Among the beguines were celebrated spiritual writers and mystics, including Mechthild of Magdeburg, Beatrijs of Nazareth, Hadewijch of Brabant, and Marguerite Porete, who was condemned as a heretic and burned at the stake in Paris in 1310. She was not the only beguine suspected of heresy, and often politics were the driving force behind such charges. Certain clerics defended beguines against charges of heresy, while other women had to go undercover by joining a Benedictine or Cistercian monastery.
Amazingly, many beguine communities survived for a long time despite oppression, wars, the plague, and other human and natural disasters. Beguines lived throughand helped propeltimes of great transition and reform. Beguines courageously spoke to power and corruption, never despairing of God s compassion for humanity. They used their business acumen to establish and support ministries that extended education, health care, and other social services to the vulnerable. And they preached and taught of a loving God who desired a relationship with each individual person while calling to reform those who used God s name for personal gain.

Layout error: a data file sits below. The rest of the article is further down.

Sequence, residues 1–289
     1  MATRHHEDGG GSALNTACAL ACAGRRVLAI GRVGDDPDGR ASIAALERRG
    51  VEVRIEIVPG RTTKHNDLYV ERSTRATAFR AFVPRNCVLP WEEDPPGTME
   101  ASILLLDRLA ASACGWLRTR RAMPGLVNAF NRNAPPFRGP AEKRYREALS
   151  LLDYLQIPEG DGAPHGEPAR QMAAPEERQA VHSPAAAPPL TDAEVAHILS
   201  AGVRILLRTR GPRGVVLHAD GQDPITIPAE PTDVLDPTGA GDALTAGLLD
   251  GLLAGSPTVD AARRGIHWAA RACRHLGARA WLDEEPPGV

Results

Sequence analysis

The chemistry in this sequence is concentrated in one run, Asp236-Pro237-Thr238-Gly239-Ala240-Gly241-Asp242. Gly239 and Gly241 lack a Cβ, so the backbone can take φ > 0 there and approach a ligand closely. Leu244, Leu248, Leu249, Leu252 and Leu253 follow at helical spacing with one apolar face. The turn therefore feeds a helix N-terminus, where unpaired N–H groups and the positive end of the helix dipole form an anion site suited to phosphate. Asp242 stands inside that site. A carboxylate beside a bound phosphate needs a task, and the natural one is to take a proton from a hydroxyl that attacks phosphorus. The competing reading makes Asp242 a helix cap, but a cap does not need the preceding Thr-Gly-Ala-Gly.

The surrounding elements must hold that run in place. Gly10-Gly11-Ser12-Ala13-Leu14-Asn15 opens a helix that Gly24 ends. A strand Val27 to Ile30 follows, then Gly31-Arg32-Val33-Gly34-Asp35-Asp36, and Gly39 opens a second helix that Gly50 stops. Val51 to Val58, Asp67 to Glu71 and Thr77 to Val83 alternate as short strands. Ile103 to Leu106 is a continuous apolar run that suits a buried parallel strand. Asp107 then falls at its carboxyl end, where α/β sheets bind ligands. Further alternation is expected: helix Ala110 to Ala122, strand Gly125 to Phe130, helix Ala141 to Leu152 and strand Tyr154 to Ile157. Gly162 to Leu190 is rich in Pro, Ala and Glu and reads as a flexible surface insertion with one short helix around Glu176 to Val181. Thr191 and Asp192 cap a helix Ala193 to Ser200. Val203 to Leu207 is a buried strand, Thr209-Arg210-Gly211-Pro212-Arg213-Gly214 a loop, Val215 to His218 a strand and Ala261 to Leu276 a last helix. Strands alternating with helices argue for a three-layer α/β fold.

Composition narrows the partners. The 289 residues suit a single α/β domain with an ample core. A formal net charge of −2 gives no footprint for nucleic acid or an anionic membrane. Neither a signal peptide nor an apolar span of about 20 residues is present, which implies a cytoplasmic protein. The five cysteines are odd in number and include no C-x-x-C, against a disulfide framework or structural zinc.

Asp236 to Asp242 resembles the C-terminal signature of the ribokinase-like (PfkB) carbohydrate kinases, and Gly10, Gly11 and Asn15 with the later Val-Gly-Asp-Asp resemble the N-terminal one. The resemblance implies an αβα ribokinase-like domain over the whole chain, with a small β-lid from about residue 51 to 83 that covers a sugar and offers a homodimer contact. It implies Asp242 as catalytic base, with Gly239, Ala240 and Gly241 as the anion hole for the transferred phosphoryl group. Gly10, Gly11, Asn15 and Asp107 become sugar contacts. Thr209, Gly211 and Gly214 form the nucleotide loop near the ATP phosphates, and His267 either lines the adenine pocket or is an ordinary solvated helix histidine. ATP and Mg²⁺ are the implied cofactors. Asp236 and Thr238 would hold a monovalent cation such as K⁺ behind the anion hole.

What strength of spirit protected the lives of these women and their beguinages? What can we learn from them? What might they teach us? The beguines have much to say to our world today. This book invites us to listen to their voices, to discover them anew.
Publishers Weekly® Reviews
- Reviewed in: Publishers Weekly, page .
- Review Date: 2014-09-29
- Reviewer: Staff
The lay religious movement known as the Beguines had largely been forgotten until the late 20th century, when feminist scholars rediscovered their lives. Swan (Sacred Rhythms) brings their lives and writings to the general reader with a clear, admiring narrative. The movement began in the Low Countries during the late 12th century, when some lay women began to live together and earn their own living, while devoting themselves to preaching and caring for the poor. Adhering to an individual concept of apostolic Christianity, they were viewed with suspicion because of their independence from the rule of any religious order. Swan intersperses her story of the Beguines with short biographies of several of the women who wrote or dictated their mystical experiences. Strong supporters of the growing desire for “deeply personal experiences of God,” they tried to share the suffering of Jesus. This could take the form of visions, stigmata, and even levitation, as in the case of Christina the Astonishing. Despite criticism, they had powerful clerical and secular supporters and managed to survive through plagues, revolutions, and even the Protestant Reformation. Swan doesn’t go into historical or theological depth, but her book is a sympathetic look at the Beguines that will intrigue anyone interested in women’s spirituality. (Dec.)